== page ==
It was more like: So a bunch of people who choose not to listen to Imus' show have taken away my choice to listen to him. They're not affected at all, and now I have fewer options.
Which is a compelling point about the sometimes paternalistic nature of the response to comments like those of Imus. Who am I, doer of good, to tell you who you can't listen to?
Absent from any of the conversations I heard: Discussion of why what Imus said was so offensive, so much more offensive than all the other offensive things he has said over the years, many of which were just as racist or just as sexist, or both. Why it pushed so many people's buttons. How Imus' firing would or would not lead to a better world, or better radio. What a better response to offensive comments by public figures might be. Pretty much any constructive dialogue was absent, as it has been in the wider media, for the most part.
The conversation has been almost entirely about whether Imus should or should not have been fired, and whether the Rutgers players should or should not have taken offense at what he said.
I don't think the latter is an intelligent question. There's no asking whether someone should be offended by anything. If a person's offended, she's offended. There's no should.
A better question, the one I'm wrestling with -- and getting pinned, I'm the first to admit -- is what the proper response to Imus' comments might have been.
I applaud the Rutgers team for not demanding Imus' firing but, rather, requesting to meet with him so the players could let him see how wrong he was about them.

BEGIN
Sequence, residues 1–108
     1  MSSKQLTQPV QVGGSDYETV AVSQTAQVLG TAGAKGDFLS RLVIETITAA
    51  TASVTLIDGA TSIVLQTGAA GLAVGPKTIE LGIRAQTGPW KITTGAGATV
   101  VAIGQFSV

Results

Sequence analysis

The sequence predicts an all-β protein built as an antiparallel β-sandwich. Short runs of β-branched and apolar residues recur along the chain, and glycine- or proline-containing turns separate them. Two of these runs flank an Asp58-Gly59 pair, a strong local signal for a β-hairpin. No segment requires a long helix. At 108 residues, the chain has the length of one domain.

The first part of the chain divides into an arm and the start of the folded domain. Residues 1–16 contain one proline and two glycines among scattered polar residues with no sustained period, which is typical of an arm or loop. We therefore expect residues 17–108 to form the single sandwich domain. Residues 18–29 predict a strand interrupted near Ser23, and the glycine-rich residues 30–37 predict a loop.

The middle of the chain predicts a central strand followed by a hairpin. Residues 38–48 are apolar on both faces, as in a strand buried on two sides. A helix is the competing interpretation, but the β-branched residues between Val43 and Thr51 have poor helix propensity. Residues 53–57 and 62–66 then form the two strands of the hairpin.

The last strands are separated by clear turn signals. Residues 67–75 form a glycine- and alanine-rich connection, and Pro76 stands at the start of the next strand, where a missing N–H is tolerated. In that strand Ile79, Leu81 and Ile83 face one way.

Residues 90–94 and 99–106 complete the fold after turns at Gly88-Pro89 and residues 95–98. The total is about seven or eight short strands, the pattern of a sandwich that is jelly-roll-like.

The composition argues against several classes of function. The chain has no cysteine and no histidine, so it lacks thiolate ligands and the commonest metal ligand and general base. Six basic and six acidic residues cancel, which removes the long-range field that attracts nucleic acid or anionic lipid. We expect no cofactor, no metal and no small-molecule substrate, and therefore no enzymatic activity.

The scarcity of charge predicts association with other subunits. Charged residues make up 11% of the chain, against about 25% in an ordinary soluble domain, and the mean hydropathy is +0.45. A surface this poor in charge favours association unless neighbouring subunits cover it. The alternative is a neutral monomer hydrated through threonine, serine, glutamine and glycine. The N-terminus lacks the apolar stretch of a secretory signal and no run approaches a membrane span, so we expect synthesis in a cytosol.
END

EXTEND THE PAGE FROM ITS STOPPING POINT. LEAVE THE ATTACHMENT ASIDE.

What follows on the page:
But I've wondered all along about their initial reaction. Why did they let Imus get to them? Coach C. Vivian Stringer and more than one player talked in the days after Imus' comments about how what should have been a great moment in their lives -- going to the National Championship Game -- was ruined by Imus. How what should have been a rally at their home gym celebrating their Final Four run turned into a kind of encounter session where they talked about how their feelings had been hurt.
I'm not meaning to blame the victims here. I'm not saying Rutgers should have turned the other cheek, not made a big deal out of it. I think the players' reaction was an honest one, and I don't know what a better one would have been.
What I mean is why do the idiot rantings of an out-of-touch gasbag have such power? Why wouldn't the obvious response be to blow him off, ignore him, the same way the players wouldn't give a second thought to an opposing fan who yelled, "Rutgers sucks"?
That's a question I'd love to hear and participate in a conversation about. It's a question that gets pretty well snuffed out by the habitual swift justice handed out to the offender, a conversation we miss out on every time a name gets added to that list that starts with Al Campanis and Jimmy the Greek and, just for the moment, just until next time, ends with Don Imus.